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Regulation impact statement: General requirements for labels for medicines

Version 3.0, July 2016

10 August 2016

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What policy options are being considered?

Three policy options are put forward in this RIS.

Removing some or all of the current regulatory requirements would not be a viable option. Doing so would result in considerable problems and risks to public health and safety, including an additional burden on the healthcare system.

The three proposed options are status quo (option 1), best practice guidelines (option 2) and introduction of a new therapeutic goods order (option 3).

Option 1: No change

Under the status quo, TGO 69 would be maintained. It represents current policy and would not change regulatory arrangements.

Existing guidelines will remain available including:

  • Best practice guidelines on prescription medicine labelling
  • Australian regulatory guidelines for over-the-counter medicines (ARGOM)
  • Australian regulatory guidelines for complementary medicines (ARGCM)
  • Australian regulatory guidelines for sunscreens (ARGS)

Importantly, the majority of stakeholders support the objectives of the labelling reform including the need to update TGO 69, providing justification as to why option 1 is not appropriate.[83] In recent years, Australian legislative intervention measures have also been implemented for both food[84] and tobacco[85] to assist with clearer labelling for consumers. As medicines are generally higher risk than these two types of products, it is imperative that some degree of consistent legislative intervention be applied to medicines to ensure appropriate minimum standards for their labelling.

Limitations to option 1 include:

  • Usability and currency issues with TGO 69, which was drafted over 16 years ago
  • Objectives to improve labelling on medicines, as described in the problem section above, would not be realised under option 1. The current Australian requirements fall short of best practice. International literature supporting the need for consistency of information and active ingredient prominence to improve patient safety would be largely ignored by choosing to continue with current practices. Accordingly, there would be a lack of recognition of the identified public health and safety issues, including the importance of patients and health professionals being able to easily locate information on labels and the argument for improved minimum standards to be applied to all medicines.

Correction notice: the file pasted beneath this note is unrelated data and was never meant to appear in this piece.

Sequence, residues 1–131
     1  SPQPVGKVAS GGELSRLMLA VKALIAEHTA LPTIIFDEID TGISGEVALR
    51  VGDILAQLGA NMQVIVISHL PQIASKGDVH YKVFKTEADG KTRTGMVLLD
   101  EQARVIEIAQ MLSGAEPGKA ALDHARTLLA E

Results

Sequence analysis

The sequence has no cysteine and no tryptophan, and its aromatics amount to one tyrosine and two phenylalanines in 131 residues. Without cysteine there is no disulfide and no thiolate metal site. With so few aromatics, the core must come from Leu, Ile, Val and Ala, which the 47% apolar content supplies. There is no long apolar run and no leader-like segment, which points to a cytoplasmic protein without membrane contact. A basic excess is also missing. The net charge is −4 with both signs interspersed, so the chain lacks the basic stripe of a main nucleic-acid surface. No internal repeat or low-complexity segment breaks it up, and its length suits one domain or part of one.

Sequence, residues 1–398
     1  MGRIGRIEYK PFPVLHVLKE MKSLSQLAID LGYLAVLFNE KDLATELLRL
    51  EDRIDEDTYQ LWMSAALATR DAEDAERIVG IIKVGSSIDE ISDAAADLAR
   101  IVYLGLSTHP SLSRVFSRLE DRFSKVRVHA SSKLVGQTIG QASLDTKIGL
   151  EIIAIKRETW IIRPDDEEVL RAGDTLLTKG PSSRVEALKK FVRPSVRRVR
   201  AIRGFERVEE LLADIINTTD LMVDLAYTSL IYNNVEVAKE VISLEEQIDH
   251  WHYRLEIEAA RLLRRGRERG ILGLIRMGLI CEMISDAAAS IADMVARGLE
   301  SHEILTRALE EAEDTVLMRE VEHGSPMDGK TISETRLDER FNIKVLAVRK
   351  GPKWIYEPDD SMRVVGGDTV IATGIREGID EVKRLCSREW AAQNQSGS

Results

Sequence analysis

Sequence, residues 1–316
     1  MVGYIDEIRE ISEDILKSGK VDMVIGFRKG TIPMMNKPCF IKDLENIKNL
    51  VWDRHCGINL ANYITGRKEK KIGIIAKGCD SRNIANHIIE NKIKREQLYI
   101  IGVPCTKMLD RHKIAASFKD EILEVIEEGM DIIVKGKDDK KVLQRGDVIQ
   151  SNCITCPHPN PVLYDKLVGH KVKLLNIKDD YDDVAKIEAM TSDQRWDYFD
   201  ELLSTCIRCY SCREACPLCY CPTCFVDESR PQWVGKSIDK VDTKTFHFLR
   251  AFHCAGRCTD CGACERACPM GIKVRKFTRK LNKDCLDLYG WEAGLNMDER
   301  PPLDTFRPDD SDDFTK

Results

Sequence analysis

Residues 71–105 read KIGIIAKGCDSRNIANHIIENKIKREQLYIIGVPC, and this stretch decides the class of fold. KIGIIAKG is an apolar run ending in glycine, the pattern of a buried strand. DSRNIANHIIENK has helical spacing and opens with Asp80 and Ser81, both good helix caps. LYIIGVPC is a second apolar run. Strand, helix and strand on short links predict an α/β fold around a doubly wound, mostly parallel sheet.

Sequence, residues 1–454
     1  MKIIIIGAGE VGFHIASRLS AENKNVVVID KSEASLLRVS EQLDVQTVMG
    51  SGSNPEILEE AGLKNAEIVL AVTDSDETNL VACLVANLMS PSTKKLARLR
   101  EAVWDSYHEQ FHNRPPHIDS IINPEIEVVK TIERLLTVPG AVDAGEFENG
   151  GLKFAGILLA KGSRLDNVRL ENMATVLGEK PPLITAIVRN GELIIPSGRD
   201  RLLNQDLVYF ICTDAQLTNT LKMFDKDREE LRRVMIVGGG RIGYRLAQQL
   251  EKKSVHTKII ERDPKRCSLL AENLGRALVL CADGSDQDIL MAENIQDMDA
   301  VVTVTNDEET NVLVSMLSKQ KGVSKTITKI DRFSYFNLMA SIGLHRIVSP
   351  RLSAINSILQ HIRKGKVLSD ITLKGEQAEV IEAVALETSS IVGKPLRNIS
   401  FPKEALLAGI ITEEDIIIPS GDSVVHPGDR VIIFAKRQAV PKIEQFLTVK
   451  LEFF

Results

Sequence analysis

• As described in the 'implementation and review' section, TGO 69 is due to 'sunset' on 1 October, 2017. A case must be made as to why this piece of legislation is still needed, and should therefore be re-made, and this gives extra incentive to review the current requirements.

Option 2: Best practice guidelines in line with most current evidence

Option 2 proposes that TGO 69 be retained but the current guidance for industry is updated in-line with internationally agreed best practice.

It is proposed that the updated guidelines would include labelling elements described in option 3 (see below), including prominence of active ingredients, space for a dispensing label, consistent location of medicine information and specific formatting of critical health information.

As described in the 'implementation and review' section, TGO 69 is due to 'sunset' on 1 October, 2017. At this time, under this option, consideration would have to be given as to the need for a nationally applied minimum standard for medicine labels.

Option 2 has other limitations, including:

  • To be successful, this option would rely on universal, voluntary application of the best practice guidelines. From TGA's experience voluntary uptake is difficult to regulate and adoption would be uneven. There is a commercial advantage for companies not to re-label to adopt best practice principles, as costs are not incurred.
  • Without any nationally-applied legislation, there is potential for wide diversity in labelling of medicines containing the same active ingredients or those intended for the same therapeutic use. This would increase confusion due to poorer recognition of critical health information by both consumers and health practitioners, resulting in risks to patient safety.
  • This option does not provide clear direction to industry on which standards should apply to all sponsors in the Australian market. There is industry perception that the best practice principles adversely affect brand recognition (due to greater prominence being given to information on active ingredients) and this would result in resistance to their adoption.